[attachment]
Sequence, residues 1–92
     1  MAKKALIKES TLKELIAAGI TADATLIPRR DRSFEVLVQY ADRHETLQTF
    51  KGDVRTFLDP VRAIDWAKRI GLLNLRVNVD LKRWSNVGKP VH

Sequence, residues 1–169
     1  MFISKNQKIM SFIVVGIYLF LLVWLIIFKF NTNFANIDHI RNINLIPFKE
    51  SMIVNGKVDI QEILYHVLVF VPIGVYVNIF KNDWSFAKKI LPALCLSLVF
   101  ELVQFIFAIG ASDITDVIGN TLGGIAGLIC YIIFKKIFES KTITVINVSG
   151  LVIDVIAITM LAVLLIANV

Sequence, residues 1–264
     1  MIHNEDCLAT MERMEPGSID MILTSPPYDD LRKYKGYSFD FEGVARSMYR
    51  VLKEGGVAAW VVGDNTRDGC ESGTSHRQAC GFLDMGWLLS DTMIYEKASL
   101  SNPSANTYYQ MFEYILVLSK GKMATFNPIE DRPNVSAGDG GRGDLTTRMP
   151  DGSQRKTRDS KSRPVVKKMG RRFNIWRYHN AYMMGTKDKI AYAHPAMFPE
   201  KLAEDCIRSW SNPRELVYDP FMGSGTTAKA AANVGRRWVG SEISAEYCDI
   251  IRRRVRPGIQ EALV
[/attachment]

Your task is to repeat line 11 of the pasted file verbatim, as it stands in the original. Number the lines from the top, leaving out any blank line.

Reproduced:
    51  VLKEGGVAAW VVGDNTRDGC ESGTSHRQAC GFLDMGWLLS DTMIYEKASL